One study, published in the journal Alcoholism: Clinical & Experimental Research, analyzed overdose data from more than 600 adults attending a residential drug and alcohol rehabilitation center. It found that 21% of people overdosed on alcohol alone, and 79% overdosed by mixing alcohol with other substances, most commonly marijuana, followed by sedatives, prescription opioids, cocaine or crack, and heroin.3
Mixing alcohol with other substances increases the risk of accidents. You are more likely to get hurt or hurt others as alcohol impacts judgment, vision, and coordination. Injuries caused by violence are a common type of injury associated with alcohol, as the substance increases aggressive behavior. Combined with other substances that can enhance alcohol’s stimulant effects, the risk for an aggressive accident is even greater. Motor vehicle crashes are also common accidents associated with alcohol use. In 2016, 10,497 people died in alcohol-impaired driving crashes in the United States.4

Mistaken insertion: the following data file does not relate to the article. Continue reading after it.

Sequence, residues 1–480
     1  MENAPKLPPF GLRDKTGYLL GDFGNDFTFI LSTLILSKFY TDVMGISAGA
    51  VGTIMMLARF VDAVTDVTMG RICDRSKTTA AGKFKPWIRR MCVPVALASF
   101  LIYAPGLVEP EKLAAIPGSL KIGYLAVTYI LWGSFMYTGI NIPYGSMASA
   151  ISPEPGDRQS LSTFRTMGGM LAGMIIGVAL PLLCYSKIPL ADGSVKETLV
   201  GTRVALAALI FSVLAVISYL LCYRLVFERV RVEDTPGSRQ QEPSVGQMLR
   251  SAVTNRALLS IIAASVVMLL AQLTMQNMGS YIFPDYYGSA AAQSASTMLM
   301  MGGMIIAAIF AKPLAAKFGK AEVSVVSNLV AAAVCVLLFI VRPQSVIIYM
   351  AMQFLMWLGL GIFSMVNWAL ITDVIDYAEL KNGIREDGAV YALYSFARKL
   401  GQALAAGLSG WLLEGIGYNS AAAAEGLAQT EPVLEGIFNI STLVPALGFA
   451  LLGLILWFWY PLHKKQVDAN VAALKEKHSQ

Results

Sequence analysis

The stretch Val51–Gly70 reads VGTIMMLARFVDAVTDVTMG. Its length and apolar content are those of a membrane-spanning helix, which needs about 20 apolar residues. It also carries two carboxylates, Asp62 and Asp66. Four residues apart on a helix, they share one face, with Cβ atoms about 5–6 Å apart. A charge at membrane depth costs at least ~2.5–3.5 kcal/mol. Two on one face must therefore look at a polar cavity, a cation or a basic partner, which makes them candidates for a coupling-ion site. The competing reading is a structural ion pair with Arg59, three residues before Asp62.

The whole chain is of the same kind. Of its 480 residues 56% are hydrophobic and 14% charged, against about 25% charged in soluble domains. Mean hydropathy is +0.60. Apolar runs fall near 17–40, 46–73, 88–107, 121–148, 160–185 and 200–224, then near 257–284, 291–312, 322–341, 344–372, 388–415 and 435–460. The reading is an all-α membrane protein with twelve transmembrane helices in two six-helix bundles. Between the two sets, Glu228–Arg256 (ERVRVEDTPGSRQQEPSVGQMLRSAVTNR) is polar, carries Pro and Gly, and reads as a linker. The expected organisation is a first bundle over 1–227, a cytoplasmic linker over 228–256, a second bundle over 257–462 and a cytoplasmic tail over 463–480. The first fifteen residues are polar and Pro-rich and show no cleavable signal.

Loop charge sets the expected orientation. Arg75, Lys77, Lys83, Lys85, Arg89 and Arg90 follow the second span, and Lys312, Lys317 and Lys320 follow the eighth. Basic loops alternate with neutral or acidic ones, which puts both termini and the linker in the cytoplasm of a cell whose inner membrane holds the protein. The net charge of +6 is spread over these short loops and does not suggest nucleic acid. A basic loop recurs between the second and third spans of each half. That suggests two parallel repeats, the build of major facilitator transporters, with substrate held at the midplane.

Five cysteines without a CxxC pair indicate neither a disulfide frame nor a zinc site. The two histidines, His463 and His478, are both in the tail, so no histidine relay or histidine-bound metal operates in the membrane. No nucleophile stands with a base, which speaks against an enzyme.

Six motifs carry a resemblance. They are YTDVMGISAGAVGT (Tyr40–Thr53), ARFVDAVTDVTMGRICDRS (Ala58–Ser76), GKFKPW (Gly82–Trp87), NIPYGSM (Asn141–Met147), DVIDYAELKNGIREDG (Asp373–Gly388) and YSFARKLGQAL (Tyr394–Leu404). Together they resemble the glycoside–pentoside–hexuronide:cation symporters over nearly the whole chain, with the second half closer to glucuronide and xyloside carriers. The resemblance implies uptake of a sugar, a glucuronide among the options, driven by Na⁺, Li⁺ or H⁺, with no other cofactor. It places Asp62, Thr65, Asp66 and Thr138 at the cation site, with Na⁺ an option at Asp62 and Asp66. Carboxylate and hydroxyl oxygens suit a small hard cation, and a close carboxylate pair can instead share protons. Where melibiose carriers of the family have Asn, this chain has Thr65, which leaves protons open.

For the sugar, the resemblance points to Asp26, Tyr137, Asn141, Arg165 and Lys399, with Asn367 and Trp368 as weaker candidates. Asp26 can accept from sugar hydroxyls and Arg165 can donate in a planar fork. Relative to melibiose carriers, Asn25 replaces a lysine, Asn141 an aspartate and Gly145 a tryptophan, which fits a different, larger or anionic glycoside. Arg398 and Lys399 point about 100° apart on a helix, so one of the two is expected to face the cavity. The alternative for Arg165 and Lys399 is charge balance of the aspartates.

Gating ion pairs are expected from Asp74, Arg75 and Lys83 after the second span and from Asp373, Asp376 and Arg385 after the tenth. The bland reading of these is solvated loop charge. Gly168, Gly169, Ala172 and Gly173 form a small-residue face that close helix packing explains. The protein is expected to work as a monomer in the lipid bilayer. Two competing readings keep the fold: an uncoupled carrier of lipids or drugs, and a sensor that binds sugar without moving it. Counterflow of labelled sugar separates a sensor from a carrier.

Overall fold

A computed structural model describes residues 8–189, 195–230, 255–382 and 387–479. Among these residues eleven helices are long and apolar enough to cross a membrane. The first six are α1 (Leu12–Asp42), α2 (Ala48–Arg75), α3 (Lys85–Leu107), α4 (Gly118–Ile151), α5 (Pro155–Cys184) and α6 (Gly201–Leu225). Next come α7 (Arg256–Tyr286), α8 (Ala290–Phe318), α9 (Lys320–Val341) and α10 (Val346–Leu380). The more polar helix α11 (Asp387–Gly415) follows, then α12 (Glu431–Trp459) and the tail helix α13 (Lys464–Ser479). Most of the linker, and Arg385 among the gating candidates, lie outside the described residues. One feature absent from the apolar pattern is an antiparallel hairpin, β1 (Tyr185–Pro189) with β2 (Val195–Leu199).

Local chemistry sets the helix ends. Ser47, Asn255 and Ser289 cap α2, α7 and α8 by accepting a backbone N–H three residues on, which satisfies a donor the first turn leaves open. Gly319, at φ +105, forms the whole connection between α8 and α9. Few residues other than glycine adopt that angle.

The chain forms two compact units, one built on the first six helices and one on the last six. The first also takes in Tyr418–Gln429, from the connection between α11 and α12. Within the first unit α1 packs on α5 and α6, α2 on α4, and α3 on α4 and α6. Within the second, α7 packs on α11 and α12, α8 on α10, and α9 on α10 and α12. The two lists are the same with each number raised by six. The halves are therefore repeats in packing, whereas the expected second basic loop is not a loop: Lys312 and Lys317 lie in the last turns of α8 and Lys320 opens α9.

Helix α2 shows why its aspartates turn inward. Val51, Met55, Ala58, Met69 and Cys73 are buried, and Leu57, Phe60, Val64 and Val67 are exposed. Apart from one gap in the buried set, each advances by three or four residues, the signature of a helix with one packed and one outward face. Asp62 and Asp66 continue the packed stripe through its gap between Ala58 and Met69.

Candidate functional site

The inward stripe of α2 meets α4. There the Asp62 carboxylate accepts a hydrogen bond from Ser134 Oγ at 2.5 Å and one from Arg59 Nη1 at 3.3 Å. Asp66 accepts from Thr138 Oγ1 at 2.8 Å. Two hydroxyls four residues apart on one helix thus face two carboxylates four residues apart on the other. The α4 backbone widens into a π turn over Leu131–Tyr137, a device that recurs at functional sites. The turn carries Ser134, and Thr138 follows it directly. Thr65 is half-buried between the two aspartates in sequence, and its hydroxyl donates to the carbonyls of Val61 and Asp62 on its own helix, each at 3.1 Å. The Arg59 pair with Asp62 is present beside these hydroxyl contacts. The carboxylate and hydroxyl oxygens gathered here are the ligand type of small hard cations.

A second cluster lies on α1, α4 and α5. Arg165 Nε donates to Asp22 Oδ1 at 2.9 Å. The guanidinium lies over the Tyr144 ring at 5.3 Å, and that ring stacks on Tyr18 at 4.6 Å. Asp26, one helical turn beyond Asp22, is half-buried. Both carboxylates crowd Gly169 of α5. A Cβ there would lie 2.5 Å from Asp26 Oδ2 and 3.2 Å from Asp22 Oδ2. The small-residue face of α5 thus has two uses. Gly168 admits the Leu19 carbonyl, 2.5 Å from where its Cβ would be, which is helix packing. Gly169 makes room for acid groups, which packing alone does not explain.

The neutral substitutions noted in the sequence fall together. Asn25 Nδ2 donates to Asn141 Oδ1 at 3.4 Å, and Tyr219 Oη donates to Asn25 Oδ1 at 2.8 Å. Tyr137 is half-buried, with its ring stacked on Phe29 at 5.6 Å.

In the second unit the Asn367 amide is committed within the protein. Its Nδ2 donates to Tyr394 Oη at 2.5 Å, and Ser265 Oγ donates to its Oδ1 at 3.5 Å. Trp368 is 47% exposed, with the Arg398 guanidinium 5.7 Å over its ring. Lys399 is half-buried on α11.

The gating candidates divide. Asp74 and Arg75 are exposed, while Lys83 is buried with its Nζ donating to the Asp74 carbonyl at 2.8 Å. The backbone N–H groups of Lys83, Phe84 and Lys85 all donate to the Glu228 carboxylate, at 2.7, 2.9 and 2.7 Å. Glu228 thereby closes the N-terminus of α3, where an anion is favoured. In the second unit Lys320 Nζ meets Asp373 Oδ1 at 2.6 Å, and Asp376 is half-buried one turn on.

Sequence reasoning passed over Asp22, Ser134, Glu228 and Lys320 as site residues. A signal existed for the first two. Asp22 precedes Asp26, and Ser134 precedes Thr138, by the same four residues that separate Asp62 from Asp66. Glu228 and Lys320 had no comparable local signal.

Valium and Xanax are the most common depressants that are mixed with alcohol. Mixing a depressant with alcohol can have life-threatening effects. Taking two depressants, as alcohol is also a depressant, can dangerously enhance each other’s side effects, which means that the risk for intoxication and overdose is greater.
Xanax is also a depressant, meaning it slows down nervous system activity. Mixing alcohol with Xanax will intensify the side effects of both substances. If the two substances are mixed, over-sedation can occur, possibly resulting in respiratory depression, cardiac arrest, and consciousness loss.